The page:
Sodom: A Traumatic Scene Revisited
Key Passages: Genesis 19:1-29, Judges 19
By Bruce L. Gerig

In Genesis 19:1-29, we have the (in)famous story of the last night of Sodom, which along with three neighboring towns (Gomorrah, Admah and Zeboiim), was obliterated by an unforgettable disaster, some 4,000 years ago. A fifth town nearby, Bela (renamed Zoar), was spared by the angels, so that Lot could seek refuge there (Gen 19:18-23). But Abraham, even 25 miles away (at Mamre), would look down over the plain and see "the smoke of the land [billowing] up like the smoke of a furnace" (19:27-28). After studying all the geological evidence and literary references, J.P. Harland concluded that a flash of lightning probably ignited seepages of bitumen (asphalt), petroleum and gas in the area, turning the whole valley into a blazing inferno and filling the sky with black smoke. This was accompanied by an earthquake or underground explosions ("God overthrew," vv. 24,29), so that whatever remained of the cities now apparently lies at the bottom of the southern, shallow bay of the Dead Sea1 (at least some man-made architectural forms have been sighted there). This story is a very important one, not only because terms like "sodomy" and "sodomite" still swirl in the air today, derived from the name of the chief city here, but because this terrible destruction has been read by so many as a sign that God "hates" homosexuality. A close study of the text will show, however, that this is both a misinterpretation and misapplication.

Some fifteen years prior to Sodom's obliteration, Lot had moved his camp to the Valley of Siddim ("flat-country"2), because the plain around the southern tip of the Salt Sea (later called the "Dead Sea") was well-watered by the Jordan and other rivers that flowed into it; it was so green, in fact, that it was compared to the Garden of Eden (Gen 13:10). Lot moved there, in spite of the fact that the men of Sodom already had a terrible reputation for their wickedness (13:5-13). On the day before Sodom's destruction, in the afternoon, God appeared suddenly with two angels before Abraham; and the patriarch showered his guests with true Middle Eastern hospitality, washing their feet, sitting them under a shade tree, and serving them a lavish meal – way more food, in fact, than any three people could ever eat (18:1-8)! Then, the Lord told Abraham that he planned to destroy Sodom and Gomorrah, for their sin was "very grave" (18:17-21, NRSV). Victor Hamilton notes that "her outcry" in v. 21 ("of it" in the KJV/NKJV) can only refer back to "Sodom" and "Gomorrah," which are also feminine3 – not to inhabitants of the surrounding region, as most translations imply. This "outcry," then, refers either to shouts coming from the attackers and spectators at their boisterous brawls or, more likely (as "outcry" is used in the OT), to the screaming of their victims, crying out, night after night, in pain and for help. And who knows how long this horrible victimization had been going on?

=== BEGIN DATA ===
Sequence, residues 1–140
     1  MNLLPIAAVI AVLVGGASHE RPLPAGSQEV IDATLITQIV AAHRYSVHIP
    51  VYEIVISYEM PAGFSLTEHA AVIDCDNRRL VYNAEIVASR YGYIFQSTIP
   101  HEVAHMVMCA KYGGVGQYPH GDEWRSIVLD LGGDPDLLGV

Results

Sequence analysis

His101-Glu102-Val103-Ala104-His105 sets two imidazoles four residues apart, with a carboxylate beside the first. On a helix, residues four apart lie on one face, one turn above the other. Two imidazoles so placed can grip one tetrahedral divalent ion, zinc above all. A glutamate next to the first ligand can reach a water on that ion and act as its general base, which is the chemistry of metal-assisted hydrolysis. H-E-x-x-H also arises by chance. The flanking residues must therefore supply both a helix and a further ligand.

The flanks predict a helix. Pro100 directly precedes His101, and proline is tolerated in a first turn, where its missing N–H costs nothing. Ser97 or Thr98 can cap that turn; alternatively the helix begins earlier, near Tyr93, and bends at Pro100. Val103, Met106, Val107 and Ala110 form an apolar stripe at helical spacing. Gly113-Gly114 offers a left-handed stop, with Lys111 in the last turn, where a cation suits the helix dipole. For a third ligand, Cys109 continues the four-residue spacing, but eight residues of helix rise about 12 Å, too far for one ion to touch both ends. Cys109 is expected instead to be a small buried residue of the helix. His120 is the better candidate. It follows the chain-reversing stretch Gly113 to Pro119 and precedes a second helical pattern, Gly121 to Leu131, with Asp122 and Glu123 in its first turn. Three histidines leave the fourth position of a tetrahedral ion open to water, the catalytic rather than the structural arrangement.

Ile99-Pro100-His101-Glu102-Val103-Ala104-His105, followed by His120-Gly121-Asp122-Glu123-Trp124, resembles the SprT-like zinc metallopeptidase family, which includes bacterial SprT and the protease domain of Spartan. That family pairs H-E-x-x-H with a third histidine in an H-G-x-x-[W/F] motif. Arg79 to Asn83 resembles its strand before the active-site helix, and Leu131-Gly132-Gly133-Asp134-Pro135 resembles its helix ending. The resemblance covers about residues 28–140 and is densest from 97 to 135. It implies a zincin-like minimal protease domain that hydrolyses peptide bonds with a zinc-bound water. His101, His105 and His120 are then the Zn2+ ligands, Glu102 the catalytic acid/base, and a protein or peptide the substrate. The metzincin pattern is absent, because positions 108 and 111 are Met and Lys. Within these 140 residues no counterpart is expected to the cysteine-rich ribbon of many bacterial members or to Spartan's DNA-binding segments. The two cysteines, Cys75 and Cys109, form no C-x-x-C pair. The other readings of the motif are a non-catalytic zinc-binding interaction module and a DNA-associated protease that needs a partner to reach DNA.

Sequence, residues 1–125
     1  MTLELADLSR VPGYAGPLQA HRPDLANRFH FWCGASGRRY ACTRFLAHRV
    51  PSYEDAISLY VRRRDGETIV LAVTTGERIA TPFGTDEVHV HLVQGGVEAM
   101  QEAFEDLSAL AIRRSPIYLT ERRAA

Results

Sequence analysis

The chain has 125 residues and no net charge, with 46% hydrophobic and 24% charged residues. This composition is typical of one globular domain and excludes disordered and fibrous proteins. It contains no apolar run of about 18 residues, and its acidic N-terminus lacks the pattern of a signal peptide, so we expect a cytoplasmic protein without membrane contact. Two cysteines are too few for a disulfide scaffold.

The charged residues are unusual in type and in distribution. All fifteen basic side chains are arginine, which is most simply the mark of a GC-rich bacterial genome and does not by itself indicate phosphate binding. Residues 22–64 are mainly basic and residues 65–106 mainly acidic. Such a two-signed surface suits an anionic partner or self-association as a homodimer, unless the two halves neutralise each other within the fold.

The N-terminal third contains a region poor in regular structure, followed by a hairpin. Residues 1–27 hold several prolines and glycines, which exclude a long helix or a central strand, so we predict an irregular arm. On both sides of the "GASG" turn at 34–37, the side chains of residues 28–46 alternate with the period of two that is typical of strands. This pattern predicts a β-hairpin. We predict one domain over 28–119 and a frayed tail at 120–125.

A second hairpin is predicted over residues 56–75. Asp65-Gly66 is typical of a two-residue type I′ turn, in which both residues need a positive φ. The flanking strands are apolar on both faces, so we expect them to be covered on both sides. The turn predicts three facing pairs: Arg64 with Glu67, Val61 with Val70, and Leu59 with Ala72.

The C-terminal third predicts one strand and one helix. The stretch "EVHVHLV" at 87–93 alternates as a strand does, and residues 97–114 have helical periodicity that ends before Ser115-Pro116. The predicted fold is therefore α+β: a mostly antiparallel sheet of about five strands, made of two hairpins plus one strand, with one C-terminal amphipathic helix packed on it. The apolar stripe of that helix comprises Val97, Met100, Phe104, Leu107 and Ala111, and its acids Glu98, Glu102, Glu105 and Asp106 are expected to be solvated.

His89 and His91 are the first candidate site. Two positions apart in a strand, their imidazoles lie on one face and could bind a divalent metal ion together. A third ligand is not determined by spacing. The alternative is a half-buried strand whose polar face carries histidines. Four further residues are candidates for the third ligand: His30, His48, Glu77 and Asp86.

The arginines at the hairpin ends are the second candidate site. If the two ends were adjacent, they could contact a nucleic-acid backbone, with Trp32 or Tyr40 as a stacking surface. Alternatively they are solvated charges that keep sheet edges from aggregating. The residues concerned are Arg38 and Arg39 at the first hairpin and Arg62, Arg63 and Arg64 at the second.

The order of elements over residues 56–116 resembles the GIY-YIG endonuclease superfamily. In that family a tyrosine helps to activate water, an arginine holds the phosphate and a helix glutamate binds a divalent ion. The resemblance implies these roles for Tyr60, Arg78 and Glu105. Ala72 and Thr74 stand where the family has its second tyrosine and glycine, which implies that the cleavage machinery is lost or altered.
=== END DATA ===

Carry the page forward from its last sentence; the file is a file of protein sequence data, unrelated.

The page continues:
When the angels arrive in Sodom, to check out firsthand the truth of the outcries, they are rushed by Lot off the street and into his home, where he serves them a hastily-prepared meal (with unleavened bread). "[19:4] But before they lay down, the men [enosh] of the city … both old and young, all the people [am] from every quarter, surrounded [sabhach] the house. [v. 5] And they called to Lot and said to him, 'Where are the men [enosh] who came to you tonight? Bring them out to us that we may know [yadha] them carnally [italics shows that NKJV translators here have added this word]. [v. 6] So Lot went out to them through the doorway, shut the door behind him, [v. 7] and said, 'Please my brethren [ach], do not so wickedly. [v. 8] See now, I have two daughters who have not known [yadha] a man [ish]; please let me bring them out to you, and you may do with them as you wish; only do nothing to these men [enosh] … who have come under the shadow of my roof.'" Angry that Lot, only a guest residing (gur) in the city, should thwart their desires, the mob then "pressed hard" against Lot," trying to "break down the door" (v. 9). Lot was only saved when the angels intervened, striking the men at the door with blindness (vv. 10-11) or "blinding light" (so Hamilton).4

A number of observations are in order: (1) It has been argued5 that since enosh means "mortal" (Strong, #582), this points to a mixed crowd and therefore not a homosexual scene. It is true that enosh derives from a root meaning "frail." However, a closer look at Hebrew usage reveals that enosh is used as the plural for ish ("man," #375); in contexts in Genesis, for example, enosh is applied almost entirely to groups of men – and so it should be translated in Gen 19.6 "Brethren" in v. 7 (ach, #251) supports this view of a male crowd at Sodom, although am ("people," #5971), in v. 4, is used through Genesis to refer either to mixed groups (e.g., ancestors, descendents, citizens) or to groups of men only (e.g., troops, male attendants, male emissaries). But note, also, in Gen 18-19 that when Abraham and Lot entertain and socialize with their male guests, the women folk are not present. (2) All the men of the city gathering so quickly (v. 4) is striking; this speed clearly suggests that "at a given signal, they [are ready to] assemble" (John Calvin7) for their nightly fun-and-games. At hand must have been the king, his counselors, the city's leading citizens, the wealthy and the poor, the grandpas as well as the teenagers – and even the two young men who were pledged to marry Lot's daughters! (Martin Luther8) (3) E.A. Speiser has pointed out9 that since the verb sabhach ("surround, circle," #5437) in v. 4 is joined with the preposition al, the Hebrew here is best translated as "they closed in on the house." Tension, electricity, and danger are in the air.